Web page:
7. Good creative is often a little strange. I hear your skepticism machine whirring in the background, but hear me out. With the onslaught of information pummelling the eyes and minds of consumers out there, sameness is wallpaper. It’s a waste of time. It checks the box, but that’s basically it. Good creative breaks through by being intriguing, mysterious and even fascinating. Don’t sanitize that. Don’t think, “That’s the right idea, but how would everyone else do this?” Let it be… in all its uncanny glory. Imagine if Matisse tried to paint like Van Gogh or if Kesha tried to sing like Bob Dylan. The only style worth having is the one you can’t help. All of that said, you do have to be a little strange in a way that’s consistent with the brand. So there’s that.
“You have to be odd to be number one.”
― Dr. Seuss
8. Good creative is often daring. Some people are just daring by their very nature. Others, like me, need to work at it. Often this involves thinking about the problem in a whole new way. Or redefining, expanding the problem, or solving the problem that’s causing the problem that needs to be solved. Or the problem that’s causing that problem. Take chances. Ask what-ifs. Delight in your mistakes. For today’s experimental error is tomorrow’s new theory.
9. Good creative is true. This has been said a zillion times, but I’ll say it again. Good creative illuminates a human truth. Something untrue might be able to win your attention and make you chuckle, but it will not stick with you. It will not get lodged in your brain or motivate you to act. But conveying truth, if done well, pings an area of the brain that houses our common humanity – our collective experience. Very often it’s something that is widely felt but hasn’t been articulated yet. It was just rolling around in our collective subconscious waiting to be identified. Moments like that are powerful because maybe, just maybe, they change us… just a little.
10. Good creative makes you feel something. Good creative has an emotional quality to it (B2C, B2B, B2B2C, doesn’t matter). Sure, people like to think that they’re making decisions based on cold, rational reasons. ROI. NPS. Price. Convenience. Blah blah blah. And if you survey them after purchase, they’ll often cite a logical rationale. But the truth is that people are highly emotional creatures that make a lot of gut calls. According to Harvard Business School professor Gerald Zaltman, 95% of our purchase decisions take place subconsciously. And the subconscious mind is the playground of emotions.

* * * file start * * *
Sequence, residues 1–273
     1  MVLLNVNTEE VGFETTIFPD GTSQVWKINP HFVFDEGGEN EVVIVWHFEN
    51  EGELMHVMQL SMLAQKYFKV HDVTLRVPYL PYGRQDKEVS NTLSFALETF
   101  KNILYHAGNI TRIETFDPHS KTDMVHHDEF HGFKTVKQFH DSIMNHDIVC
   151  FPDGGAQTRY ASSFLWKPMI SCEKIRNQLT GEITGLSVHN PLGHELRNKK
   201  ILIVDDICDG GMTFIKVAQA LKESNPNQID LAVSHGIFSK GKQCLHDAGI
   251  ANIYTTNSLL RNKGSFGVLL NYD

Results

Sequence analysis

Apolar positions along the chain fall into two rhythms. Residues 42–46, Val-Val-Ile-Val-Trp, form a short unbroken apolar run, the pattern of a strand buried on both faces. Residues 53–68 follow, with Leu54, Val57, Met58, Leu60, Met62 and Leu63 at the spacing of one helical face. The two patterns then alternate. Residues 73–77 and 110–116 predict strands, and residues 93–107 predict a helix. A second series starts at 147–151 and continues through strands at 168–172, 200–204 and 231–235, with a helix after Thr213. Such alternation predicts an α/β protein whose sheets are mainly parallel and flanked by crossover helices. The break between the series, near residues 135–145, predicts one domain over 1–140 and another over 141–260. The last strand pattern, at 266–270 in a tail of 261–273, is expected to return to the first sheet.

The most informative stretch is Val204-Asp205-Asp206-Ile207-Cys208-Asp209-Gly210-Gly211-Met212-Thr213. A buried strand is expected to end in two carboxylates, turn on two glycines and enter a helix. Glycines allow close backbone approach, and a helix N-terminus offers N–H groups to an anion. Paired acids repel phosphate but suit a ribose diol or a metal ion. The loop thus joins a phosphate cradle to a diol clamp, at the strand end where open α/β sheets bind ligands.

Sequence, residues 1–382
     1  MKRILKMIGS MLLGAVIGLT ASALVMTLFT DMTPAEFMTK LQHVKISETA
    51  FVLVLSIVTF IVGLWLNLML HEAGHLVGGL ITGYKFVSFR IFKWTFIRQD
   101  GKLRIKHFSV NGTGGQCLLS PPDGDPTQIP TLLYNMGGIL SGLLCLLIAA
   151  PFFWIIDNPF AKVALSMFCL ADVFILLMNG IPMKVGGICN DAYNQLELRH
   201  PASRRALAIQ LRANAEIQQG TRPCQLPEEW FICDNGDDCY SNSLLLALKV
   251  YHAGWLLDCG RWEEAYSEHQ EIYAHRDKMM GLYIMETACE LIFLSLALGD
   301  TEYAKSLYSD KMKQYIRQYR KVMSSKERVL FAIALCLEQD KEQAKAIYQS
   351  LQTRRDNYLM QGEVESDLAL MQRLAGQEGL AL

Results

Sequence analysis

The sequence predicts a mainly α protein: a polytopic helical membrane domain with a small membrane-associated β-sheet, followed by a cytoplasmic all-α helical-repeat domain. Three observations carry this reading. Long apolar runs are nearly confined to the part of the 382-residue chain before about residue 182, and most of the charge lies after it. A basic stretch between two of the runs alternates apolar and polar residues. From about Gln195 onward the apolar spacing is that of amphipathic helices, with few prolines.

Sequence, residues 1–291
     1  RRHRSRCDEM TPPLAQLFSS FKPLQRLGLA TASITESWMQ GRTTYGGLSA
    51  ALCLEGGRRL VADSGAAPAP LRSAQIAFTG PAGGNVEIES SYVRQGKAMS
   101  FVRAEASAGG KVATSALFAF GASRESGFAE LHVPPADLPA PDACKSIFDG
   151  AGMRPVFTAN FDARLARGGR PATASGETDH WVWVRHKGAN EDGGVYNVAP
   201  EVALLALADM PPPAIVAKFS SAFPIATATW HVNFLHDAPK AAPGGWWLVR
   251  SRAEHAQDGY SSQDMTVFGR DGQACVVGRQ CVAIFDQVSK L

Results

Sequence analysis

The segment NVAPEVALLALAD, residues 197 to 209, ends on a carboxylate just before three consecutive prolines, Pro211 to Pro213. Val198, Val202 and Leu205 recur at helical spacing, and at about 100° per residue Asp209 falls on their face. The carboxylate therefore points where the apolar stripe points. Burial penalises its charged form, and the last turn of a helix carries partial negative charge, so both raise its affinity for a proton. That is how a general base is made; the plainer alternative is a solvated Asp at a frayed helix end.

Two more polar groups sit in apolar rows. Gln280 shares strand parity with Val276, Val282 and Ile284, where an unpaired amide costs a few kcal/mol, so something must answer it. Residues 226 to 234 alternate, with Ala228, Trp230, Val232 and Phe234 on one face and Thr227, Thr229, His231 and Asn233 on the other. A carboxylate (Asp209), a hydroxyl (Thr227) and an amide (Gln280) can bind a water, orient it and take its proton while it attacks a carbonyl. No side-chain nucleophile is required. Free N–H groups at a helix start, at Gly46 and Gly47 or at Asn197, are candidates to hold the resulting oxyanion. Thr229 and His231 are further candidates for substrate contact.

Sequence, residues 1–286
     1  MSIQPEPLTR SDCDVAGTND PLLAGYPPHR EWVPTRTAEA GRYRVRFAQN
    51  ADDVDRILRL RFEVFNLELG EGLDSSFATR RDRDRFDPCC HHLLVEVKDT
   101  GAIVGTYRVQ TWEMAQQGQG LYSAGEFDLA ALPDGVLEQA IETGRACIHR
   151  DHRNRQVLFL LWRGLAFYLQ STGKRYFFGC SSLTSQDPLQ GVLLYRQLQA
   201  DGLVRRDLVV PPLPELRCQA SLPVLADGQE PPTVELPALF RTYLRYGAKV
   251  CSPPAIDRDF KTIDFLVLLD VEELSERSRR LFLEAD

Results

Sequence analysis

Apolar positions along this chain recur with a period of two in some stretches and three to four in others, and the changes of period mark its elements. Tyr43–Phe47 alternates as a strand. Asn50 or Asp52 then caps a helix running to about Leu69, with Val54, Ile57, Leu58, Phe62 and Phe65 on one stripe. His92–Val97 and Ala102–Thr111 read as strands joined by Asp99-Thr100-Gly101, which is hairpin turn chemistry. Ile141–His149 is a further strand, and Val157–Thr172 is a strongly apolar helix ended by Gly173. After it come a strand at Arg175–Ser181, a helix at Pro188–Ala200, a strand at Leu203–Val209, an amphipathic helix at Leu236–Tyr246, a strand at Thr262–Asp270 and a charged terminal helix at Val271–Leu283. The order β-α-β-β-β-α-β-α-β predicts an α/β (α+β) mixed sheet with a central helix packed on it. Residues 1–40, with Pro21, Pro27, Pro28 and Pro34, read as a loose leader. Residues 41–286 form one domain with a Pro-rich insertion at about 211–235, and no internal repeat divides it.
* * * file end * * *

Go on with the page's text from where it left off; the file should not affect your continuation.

11. Good creative tells a story. “Our brains have been evolutionally hardwired to process incoming information through story terms and structures,” writes Kendall Haven, author of Story Proof: The Science Behind The Startling Power of Story. Stories can move us to tears, change our minds, influence our behaviors, and even inspire us to action. Why is that? As renowned neuro-economist and author Paul Zak has found, emotional prompting within a story triggers the brain to synthesize a neurochemical called “oxytocin” that switches on the brain’s “attentional spotlight” and triggers feelings of bonding, empathy and narrative transportation. And those feelings move us to make changes in our lives.
12. Good creative is original. Lastly but certainly not leastly, good creative needs to be something we haven’t seen before. That’s the very definition of creative. While there can be elements of other ideas that are brought in and meshed together, the composition and presentation of the idea must feel fresh. This is not easy to do (see #5 above). It’s hard to sell, too, as marketers often to gravitate to things they’ve seen before. Maybe that’s the topic for another article.